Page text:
JIS News

Displaced sugar workers in the Monymusk Sugar Dependent Area have received grants under the Economic Mitigation Programme, a Ministry of Agriculture and Fisheries initiative supported by the European Union (EU).
Speaking at the presentation at the Halse Hall Great House, Clarendon, recently, Minister of Agriculture and Fisheries, Hon. Dr. Christopher Tufton, pointed out that so far 180 persons have benefitted from grants.
“We expect that approximately 623 persons will benefit from grants in the Monymusk area. We have issued some $27 million to those 180 (who have already received grants),” he stated. Female recipients received $170,000 each, while male recipients each received $150,000.
He told the recipients that in addition to the grants, they will be provided with technical support, in order to ensure that the grants are utilised in a way that is meaningful and will maintain a revenue stream for them to ensure survival.
“Ultimately, we hope that the resources will be used in a way that will benefit those recipients and their dependents,” he added.
Dr. Tufton said that the issue of housing for sugar workers is also being examined, and that a number of sugar workers will acquire properties received under previous engagement with respective sugar factories.
“There are a number of sugar workers that have benefitted over time from land and housing, that have engagement with respective sugar factories across Jamaica. Where those individuals benefit from acquiring these properties permanently, we are going to be fast tracking the titling process to ensure that they get their titles within a relatively short period of time.
He said that approximately 2,300 families have benefited to date, and that 3,000 titles will be generated to be issued to respective recipients.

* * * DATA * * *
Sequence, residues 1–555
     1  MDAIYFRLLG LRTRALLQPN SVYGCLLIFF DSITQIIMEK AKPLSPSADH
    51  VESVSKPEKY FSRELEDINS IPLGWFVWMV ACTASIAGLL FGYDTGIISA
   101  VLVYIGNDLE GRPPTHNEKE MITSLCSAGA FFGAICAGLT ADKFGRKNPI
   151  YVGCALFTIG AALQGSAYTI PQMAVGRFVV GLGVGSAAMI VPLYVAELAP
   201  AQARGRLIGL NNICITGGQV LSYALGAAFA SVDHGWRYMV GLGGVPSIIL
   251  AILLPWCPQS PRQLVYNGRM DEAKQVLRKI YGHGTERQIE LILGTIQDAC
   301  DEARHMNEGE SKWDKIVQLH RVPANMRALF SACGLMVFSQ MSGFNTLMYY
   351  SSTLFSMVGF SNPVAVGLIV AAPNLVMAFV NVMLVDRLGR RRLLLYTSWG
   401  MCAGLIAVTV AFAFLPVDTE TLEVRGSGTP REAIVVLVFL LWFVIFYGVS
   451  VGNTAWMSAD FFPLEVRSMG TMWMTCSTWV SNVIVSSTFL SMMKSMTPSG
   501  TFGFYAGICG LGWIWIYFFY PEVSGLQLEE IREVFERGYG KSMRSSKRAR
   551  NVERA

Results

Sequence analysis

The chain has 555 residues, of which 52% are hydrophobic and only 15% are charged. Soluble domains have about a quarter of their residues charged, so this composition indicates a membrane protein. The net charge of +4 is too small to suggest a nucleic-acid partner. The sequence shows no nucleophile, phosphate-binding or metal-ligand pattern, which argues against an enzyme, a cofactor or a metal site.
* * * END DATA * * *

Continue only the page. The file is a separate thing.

Minister of Labour and Social Security, Hon. Pearnel Charles said that sugar cannot be allowed to die, as this would lead to the demise of many of the communities.
He called on farmers to return to cultivating sugar cane as praedial larceny is less prevalent in the sugar sector.
Charge d’Affaires at the Delegation of the European Union (EU), Helen Jenkinson, said that the grants to the displaced sugar workers fall under the EU agreed support package, Accompanying Measures, which is designed to assist Asia, Caribbean and Pacific (ACP) countries involved in sugar production.
Following a ruling by the WTO in 2004, the EU amended its sugar regime and reformed the Sugar Protocol with the 18 ACP countries involved, including Jamaica. In order to assist ACP sugar exporting countries to adapt to a new regime, the EU agreed to a package of support known as Accompanying Measures, funded by annual grants, from 2006 through to 2015.
More than J$8 billion has been earmarked for Jamaica for the 2006 to 2010 period under the Accompanying Measures, of which over half has already been disbursed and nearly J$2 billion more will be disbursed by the end of the financial year.
To date, 390 grants were rolled out in 2009/10 at an estimated value of 65 million Euros, and the budget for grants for 2010/11 is J$480 million, which should cover, at least, 3,000 grants.
Mrs. Jenkinson said that under the social component of the sugar programme, displaced sugar workers will continue to have access to basic amenities.
Under the social component of the sugar programme, displaced sugar workers continue to have access to basic health and education facilities, on both public and private sugar estates. Families from the former barracks on each estate, where living conditions are generally poor and below a minimum standard, should be resettled shortly.
“Since clearly, the persons affected by the changes in the sugar industry need to find alternative ways of earning their living, the EU funding is also providing access to training programmes in preparation for alternative employment, or self-employment,” she said.

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